A woman in Bromsgrove, UK, is imploring stallion owners to assure their horses cannot break free from their stalls, paddocks or pastures. Carrie Smart recently lost her prize 14-year-old Gypsy Cob mare to a neighbor’s stallion. Apparently the stud horse got loose, broke into her mare’s field, and chased, harassed and bullied the Gypsy Cob to death.
Smart found her horse Holly dead and the “foreign” stallion in the field.
A veterinarian who was called to the scene verified that Holly’s death was caused by the stallion. He had relentlessly chased the mare to the point of exhaustion. The vet surmises that Holly was the lead mare in the field and tried to protect the other four mares from the rancor of the stallion.
Stallions can be very aggressive and some have had to be sedated before with darts because they are so dangerous. This time it was a horse, but it could have so easily been a person or a child.
People who own stallions need to make sure they are secure and cannot get out.
The veterinarian notified the Royal Society for the Prevention of Cruelty to Animals (RSPCA) about this incident and asked the charity to provide further advice and information.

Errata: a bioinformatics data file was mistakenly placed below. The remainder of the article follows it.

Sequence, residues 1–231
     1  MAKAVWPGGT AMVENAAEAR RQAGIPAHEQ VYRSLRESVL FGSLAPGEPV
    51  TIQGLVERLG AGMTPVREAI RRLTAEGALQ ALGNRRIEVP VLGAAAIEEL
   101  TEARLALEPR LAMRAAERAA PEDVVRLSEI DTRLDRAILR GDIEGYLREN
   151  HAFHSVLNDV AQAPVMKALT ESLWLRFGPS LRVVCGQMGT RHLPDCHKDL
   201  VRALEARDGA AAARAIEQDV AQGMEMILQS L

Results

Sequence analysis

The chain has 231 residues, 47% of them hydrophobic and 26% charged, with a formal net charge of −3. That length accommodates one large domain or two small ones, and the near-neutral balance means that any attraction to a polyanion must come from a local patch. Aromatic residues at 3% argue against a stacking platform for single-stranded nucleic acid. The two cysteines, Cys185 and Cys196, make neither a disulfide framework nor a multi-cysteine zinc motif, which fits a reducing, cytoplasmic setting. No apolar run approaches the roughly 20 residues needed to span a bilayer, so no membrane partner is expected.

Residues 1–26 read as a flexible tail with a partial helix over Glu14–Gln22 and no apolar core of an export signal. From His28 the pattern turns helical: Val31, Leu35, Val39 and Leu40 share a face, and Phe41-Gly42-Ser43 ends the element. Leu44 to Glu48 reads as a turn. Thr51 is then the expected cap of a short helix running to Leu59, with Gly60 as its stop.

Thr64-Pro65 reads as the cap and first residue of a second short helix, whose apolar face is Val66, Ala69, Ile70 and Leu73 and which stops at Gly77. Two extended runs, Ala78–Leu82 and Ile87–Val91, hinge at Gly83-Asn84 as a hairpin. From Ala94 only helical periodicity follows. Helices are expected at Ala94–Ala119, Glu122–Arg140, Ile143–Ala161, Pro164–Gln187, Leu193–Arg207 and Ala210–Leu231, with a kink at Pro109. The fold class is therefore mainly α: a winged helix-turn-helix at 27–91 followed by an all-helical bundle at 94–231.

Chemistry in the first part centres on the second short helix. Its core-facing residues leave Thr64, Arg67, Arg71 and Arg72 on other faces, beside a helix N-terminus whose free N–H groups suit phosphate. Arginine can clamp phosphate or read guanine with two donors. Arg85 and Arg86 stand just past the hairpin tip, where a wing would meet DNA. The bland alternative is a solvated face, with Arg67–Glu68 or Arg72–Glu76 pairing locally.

A spokesperson on behalf of the RSPCA said, "This must have been a very upsetting incident and we are very sorry to hear about the mare.”
While declining to speak directly about the death of Holly, the RSPCA did issue a short statement:
We would like to take this opportunity to remind people that it is important they ensure their animals are kept under control at all times and do not pose a threat to the public or other animals.
Police acknowledge that they looked into the circumstances surrounding Holly’s death. They determined that no criminal offense had occurred. According to the police officer, "The owners of the horses exchanged details. It would be a civil matter.
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